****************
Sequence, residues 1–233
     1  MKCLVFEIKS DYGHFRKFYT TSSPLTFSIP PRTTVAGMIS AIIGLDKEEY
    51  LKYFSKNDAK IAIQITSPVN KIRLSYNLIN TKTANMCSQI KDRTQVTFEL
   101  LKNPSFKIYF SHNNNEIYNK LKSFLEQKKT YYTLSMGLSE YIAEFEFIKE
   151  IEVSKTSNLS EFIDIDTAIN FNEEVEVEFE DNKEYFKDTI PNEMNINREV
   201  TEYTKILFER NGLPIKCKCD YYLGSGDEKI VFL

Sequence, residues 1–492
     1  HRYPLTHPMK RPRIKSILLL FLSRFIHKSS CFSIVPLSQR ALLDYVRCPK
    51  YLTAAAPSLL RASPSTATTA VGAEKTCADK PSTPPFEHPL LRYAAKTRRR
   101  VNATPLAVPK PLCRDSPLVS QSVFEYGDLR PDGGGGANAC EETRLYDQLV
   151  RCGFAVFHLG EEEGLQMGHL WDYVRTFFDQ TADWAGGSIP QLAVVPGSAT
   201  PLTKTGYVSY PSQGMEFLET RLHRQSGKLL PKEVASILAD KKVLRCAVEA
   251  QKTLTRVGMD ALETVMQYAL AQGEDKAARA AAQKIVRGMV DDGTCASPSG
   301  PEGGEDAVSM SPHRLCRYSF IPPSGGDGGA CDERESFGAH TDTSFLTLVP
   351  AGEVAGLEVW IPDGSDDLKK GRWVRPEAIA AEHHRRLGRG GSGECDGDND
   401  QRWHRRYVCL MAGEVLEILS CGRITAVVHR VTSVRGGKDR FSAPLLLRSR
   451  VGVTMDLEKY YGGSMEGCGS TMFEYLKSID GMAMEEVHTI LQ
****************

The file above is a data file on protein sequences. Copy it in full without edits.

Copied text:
Sequence, residues 1–233
     1  MKCLVFEIKS DYGHFRKFYT TSSPLTFSIP PRTTVAGMIS AIIGLDKEEY
    51  LKYFSKNDAK IAIQITSPVN KIRLSYNLIN TKTANMCSQI KDRTQVTFEL
   101  LKNPSFKIYF SHNNNEIYNK LKSFLEQKKT YYTLSMGLSE YIAEFEFIKE
   151  IEVSKTSNLS EFIDIDTAIN FNEEVEVEFE DNKEYFKDTI PNEMNINREV
   201  TEYTKILFER NGLPIKCKCD YYLGSGDEKI VFL

Sequence, residues 1–492
     1  HRYPLTHPMK RPRIKSILLL FLSRFIHKSS CFSIVPLSQR ALLDYVRCPK
    51  YLTAAAPSLL RASPSTATTA VGAEKTCADK PSTPPFEHPL LRYAAKTRRR
   101  VNATPLAVPK PLCRDSPLVS QSVFEYGDLR PDGGGGANAC EETRLYDQLV
   151  RCGFAVFHLG EEEGLQMGHL WDYVRTFFDQ TADWAGGSIP QLAVVPGSAT
   201  PLTKTGYVSY PSQGMEFLET RLHRQSGKLL PKEVASILAD KKVLRCAVEA
   251  QKTLTRVGMD ALETVMQYAL AQGEDKAARA AAQKIVRGMV DDGTCASPSG
   301  PEGGEDAVSM SPHRLCRYSF IPPSGGDGGA CDERESFGAH TDTSFLTLVP
   351  AGEVAGLEVW IPDGSDDLKK GRWVRPEAIA AEHHRRLGRG GSGECDGDND
   401  QRWHRRYVCL MAGEVLEILS CGRITAVVHR VTSVRGGKDR FSAPLLLRSR
   451  VGVTMDLEKY YGGSMEGCGS TMFEYLKSID GMAMEEVHTI LQ